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"The Cherry Orchard" is the masterpiece of Anton Chekhov. It is also his swan song-to his craft and almost to life itself, for in less than six months after it reached the stage of the Moscow Art Theatre, January 30 (our calendar), 1904, he was finally overcome in the long struggle against the illness which had kept him in the South and had prevented him from attending. the premieres of his previous plays, "The Seagull," "Uncle Vanya" and "The Three Sisters." Like the sad and pensive radiance of Indian summer was Chekhov's association with the Art Theatre ' during the months of composition and rehearsal and the triumphal hour of production of this pathetic study of a passing generation. Chekhov, too, was passing-Anton Pavlovitch, who had made the Moscow Art Theatre famous at the same time that the theatre was conferring a like boon upon the playwright. Chekhov was passing; his associates felt the presentiment, whether they admitted it or not. Severely simple and apparently effortless in structure and in its limpid, illuminating detail, "The Cherry Orchard" really cost its author painful and protracted labor. "The Three Sisters" was barely started on its long and honored career early in 1901 when the Art Theatre asked Chekhovic for another manuscript. He refused, for he still considered himself a story teller rather than a playwright, despite his three emphatic successes on the stage. Shortly after, though, his conversations contained hints of a new dramatic idea growing in his mind. By the summer of 1902 not only the outline of the plot but the name of the play were determined.
Another year passed before the new play reached anything like final proportions. "My play 'The Cherry Orchard' is not yet finished"; he wrote to Constantine Stanislavsky, the director of the theatre, in July, 1903, "it makes slow progress, which I put down to laziness, fine weather, and the difficulty of the subject." And again, in the early autumn, he confesses in a letter to a friend: "I write four lines a day and those with intolerable torment." The manuscript was completed at last and sent off to Moscow and until November, the playwright's letters are filled with suggestions for interpreting the various roles.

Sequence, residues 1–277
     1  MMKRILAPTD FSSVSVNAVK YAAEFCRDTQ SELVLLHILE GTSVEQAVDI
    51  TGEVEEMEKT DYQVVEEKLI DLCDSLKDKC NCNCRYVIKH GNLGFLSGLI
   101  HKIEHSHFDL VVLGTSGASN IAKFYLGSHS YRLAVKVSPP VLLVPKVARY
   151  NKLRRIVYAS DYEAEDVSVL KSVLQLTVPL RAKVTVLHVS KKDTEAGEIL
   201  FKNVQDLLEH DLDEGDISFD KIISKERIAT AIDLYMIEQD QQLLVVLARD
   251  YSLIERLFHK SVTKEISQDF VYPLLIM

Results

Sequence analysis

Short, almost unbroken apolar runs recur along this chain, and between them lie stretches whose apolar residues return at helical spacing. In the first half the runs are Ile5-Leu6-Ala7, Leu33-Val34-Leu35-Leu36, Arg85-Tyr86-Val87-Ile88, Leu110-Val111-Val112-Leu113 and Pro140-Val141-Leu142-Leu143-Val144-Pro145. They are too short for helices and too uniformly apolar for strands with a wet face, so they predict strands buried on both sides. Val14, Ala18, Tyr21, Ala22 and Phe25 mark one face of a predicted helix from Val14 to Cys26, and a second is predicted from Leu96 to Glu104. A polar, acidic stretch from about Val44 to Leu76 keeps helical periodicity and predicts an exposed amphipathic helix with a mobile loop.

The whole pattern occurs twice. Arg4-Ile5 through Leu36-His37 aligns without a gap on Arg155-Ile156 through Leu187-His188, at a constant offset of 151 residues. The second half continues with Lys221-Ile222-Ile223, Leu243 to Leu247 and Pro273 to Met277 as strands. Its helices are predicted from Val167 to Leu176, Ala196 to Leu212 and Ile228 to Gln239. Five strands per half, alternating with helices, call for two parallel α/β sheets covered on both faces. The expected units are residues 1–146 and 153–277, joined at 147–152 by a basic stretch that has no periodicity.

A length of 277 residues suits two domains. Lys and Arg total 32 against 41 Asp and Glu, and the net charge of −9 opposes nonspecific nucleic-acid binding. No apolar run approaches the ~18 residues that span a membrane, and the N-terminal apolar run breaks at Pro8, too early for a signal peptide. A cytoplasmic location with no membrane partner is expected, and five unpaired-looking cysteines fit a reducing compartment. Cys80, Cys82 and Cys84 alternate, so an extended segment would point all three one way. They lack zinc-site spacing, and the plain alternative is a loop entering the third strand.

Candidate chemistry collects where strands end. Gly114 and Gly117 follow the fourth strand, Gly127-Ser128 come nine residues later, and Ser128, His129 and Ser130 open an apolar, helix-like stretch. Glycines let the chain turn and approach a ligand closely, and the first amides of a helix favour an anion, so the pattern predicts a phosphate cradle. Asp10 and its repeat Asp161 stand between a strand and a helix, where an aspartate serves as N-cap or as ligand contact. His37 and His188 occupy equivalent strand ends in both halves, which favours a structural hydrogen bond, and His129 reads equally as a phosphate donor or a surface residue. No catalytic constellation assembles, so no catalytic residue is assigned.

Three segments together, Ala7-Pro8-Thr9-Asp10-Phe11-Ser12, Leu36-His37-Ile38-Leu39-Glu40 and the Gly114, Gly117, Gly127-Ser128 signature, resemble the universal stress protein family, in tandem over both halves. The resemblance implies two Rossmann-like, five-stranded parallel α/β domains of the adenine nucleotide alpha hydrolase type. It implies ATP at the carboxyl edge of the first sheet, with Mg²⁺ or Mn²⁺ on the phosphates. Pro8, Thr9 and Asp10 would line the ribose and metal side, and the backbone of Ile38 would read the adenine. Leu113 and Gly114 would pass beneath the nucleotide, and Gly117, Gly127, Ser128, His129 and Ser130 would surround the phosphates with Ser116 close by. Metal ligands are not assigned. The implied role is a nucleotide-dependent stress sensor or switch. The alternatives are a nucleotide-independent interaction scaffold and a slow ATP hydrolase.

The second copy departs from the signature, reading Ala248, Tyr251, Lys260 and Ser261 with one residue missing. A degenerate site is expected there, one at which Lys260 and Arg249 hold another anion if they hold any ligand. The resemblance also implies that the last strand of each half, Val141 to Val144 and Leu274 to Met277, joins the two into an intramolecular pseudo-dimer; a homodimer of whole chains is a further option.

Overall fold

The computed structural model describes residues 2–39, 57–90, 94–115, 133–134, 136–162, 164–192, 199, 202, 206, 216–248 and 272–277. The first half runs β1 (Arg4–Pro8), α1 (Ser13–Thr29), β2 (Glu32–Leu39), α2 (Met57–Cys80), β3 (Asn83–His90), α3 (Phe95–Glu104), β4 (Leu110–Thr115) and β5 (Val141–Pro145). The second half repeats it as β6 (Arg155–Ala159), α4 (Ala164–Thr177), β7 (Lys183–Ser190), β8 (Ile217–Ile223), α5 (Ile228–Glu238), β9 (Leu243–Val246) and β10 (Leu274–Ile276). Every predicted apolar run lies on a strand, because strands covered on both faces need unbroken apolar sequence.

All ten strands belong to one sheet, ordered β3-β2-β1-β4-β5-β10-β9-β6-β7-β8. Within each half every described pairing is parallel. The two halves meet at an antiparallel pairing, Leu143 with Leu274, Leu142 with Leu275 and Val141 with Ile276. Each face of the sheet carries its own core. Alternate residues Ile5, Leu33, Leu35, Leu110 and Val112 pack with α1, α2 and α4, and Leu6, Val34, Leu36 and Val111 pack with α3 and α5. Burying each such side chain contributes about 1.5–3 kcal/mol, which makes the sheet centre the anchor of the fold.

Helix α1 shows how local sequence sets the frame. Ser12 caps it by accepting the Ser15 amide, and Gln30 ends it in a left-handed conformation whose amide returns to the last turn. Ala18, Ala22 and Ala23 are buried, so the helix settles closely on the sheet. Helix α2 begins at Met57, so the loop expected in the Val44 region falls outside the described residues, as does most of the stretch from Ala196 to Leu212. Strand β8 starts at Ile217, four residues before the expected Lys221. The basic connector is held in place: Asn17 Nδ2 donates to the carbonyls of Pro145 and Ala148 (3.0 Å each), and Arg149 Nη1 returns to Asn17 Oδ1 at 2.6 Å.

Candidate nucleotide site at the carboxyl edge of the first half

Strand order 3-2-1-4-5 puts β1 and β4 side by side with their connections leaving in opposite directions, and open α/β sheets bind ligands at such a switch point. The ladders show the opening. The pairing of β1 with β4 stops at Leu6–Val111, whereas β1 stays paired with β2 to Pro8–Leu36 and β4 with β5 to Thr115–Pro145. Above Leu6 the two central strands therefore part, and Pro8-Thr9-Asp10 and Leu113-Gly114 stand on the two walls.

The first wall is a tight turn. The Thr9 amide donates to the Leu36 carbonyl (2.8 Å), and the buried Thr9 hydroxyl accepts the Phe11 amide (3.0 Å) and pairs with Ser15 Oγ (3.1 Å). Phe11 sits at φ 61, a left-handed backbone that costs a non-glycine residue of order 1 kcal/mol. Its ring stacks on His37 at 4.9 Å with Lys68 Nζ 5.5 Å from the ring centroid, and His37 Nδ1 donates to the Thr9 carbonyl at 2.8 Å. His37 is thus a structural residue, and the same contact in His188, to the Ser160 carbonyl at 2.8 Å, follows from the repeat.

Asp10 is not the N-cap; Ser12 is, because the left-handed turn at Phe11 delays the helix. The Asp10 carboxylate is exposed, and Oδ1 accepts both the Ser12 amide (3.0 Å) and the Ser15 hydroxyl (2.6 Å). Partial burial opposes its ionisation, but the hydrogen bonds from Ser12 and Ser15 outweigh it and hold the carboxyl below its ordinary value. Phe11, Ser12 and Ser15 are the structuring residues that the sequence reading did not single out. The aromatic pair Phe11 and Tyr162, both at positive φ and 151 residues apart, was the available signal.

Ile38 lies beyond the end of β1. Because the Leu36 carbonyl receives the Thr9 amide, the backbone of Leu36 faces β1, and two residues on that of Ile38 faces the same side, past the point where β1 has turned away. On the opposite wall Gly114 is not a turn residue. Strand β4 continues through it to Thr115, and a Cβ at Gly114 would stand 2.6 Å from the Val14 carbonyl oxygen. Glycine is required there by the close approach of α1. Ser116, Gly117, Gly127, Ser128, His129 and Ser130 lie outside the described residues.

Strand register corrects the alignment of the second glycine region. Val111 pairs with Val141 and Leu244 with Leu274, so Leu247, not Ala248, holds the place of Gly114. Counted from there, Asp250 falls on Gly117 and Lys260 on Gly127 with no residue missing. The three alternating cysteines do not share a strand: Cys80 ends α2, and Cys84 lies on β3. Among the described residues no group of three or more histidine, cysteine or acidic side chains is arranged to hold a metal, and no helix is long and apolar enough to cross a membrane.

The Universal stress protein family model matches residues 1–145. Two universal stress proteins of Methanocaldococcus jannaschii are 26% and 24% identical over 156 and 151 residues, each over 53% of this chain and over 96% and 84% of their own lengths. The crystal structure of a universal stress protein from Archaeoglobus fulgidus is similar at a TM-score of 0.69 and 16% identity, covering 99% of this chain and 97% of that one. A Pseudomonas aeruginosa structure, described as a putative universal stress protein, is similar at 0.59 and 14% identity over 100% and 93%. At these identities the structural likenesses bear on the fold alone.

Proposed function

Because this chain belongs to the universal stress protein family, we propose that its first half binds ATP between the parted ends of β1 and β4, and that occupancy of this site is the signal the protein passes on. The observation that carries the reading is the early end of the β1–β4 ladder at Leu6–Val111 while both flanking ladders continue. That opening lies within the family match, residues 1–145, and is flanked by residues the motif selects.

When the cold dry winter set in, the physicians permitted Chekhov-who, by the way, was a physician himself by profession-to return to Moscow to attend rehearsals of the new play. This time he remained for the premiere, which was accidentally set for his name-day.
And what a premiere it was The Art Theatre made it the occasion for celebrating the twenty-fifth anniversary of Chekhov's entry upon a literary career. There was no longer any doubt about the public reception of a play from his pen. The battle had been won. A new tradition had been established. The three preceding plays remained in the repertory, held in deeper and deeper affection as the years passed. The premiere of the fourth could be made a gala occasion without timidity or fear of embarrassing aftermath.
Every literary and dramatic and public organization in Moscow, therefore, including the Art Theatre itself in the person of one of its co-founders, Vladimir Nemirovitch-Dantchenko, united to bestow honors on the playwright. The strict custom of the Art Theatre, whereby not even applause is permitted to break the continuity of a performance, was violated for once. After the third act, while Chekhov stood shy and confused on the stage, deputation followed deputation to pay him tribute, including even a representative from the Small Imperial Theatre, home of classical traditions and the Art Theatre's bitterest rival.